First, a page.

A new Knussen work conjures the sounds of Japan

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New works by Oliver Knussen appear far less often than his admirers would like, with each meticulously created statement the hard-won prize of a ceaseless creative perfectionism. Knussen’s much anticipated O Hototogisu! premiered at the Aldeburgh Festival in June and subsequently broadcast on Radio 3, with the composer himself conducting the Birmingham Contemporary Music Group.

Conceived as a kind of double concerto for soprano Claire Booth and flautist Marie-Christine Zupancic, and dedicated to the outgoing heads of BCMG, Stephen and Jackie Newbould, the 8-minute work couches seven exquisite haiku settings in richly evocative music for flute and ensemble of 22 players.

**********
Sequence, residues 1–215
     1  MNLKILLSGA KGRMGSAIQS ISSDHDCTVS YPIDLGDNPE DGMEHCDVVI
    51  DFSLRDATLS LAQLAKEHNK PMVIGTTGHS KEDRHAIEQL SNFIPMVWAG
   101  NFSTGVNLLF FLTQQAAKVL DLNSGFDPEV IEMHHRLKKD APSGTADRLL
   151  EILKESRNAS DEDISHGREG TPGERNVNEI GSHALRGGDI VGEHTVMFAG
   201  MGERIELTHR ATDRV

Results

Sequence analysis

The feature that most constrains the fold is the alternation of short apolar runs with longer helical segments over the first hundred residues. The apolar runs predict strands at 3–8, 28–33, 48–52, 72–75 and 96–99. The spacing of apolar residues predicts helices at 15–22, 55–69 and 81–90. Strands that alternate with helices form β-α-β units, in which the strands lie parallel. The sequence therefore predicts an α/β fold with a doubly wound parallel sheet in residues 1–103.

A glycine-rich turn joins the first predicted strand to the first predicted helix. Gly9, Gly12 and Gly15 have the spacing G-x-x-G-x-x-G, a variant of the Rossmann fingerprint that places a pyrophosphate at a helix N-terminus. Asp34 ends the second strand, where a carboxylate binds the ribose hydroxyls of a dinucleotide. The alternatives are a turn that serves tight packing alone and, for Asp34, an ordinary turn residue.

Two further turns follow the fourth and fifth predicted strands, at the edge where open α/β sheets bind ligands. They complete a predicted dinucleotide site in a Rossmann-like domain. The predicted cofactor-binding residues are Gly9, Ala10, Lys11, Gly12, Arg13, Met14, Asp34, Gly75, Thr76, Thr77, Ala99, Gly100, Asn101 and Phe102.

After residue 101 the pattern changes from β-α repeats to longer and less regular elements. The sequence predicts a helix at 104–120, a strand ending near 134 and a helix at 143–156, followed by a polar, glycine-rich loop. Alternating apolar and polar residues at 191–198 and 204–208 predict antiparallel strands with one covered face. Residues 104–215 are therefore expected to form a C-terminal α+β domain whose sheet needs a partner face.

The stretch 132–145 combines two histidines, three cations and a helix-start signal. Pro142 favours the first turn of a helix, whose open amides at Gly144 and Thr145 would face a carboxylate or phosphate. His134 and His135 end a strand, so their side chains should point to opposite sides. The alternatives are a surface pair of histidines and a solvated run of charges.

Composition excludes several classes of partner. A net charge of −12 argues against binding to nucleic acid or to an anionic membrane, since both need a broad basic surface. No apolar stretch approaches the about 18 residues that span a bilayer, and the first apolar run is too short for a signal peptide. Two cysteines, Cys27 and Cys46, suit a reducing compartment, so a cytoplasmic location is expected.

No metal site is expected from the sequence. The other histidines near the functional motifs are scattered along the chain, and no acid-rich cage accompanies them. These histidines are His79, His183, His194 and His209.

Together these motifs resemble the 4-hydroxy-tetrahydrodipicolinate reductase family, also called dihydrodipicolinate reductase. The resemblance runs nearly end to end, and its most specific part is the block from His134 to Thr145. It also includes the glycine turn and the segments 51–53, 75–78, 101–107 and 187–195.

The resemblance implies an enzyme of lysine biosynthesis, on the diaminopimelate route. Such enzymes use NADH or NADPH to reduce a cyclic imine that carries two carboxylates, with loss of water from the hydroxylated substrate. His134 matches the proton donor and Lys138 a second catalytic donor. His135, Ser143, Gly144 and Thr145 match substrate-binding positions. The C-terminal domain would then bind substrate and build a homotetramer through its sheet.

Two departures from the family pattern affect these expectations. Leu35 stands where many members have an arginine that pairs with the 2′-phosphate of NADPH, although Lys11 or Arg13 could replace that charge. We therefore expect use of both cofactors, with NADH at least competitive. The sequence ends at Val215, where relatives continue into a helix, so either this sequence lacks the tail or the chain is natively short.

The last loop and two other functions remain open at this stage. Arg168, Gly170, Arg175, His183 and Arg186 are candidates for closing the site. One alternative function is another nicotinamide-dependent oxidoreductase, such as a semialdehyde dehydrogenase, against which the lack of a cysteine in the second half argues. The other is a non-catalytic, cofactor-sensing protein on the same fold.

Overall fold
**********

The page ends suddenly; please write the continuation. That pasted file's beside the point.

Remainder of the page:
This ‘fragment of a Japonisme’ is part of a larger work in progress concerning the Hototogisu (or Lesser Cuckoo), a bird widely invoked in poetry of the 17th-19th centuries as both a harbinger of Summer and a voice from the land of the dead.

Looking ahead, Knussen and the BCMG will give the work’s London premiere on 16 September as part of the Barbican’s 10-day festival ‘This is Rattle’. 

 

REVIEWS

 

A birdsong-like flute solo, festooned with grace notes, frames and punctuates the tiny songs themselves, with their elaborately soaring vocal lines, while the ensemble is used with microscopic precision to apply touches of colour that sometimes evoke Japanese kabuki without ever seeming lazily anecdotal.’

The Guardian (Andrew Clements), 26 June 2017

 

‘The intricately scored suite is a tight, expressive showcase for soprano and flautist: the vocal part yearning and supplicatory, the instrument brittle and beaky.’

The Times (Neil Fisher), 26 June 2017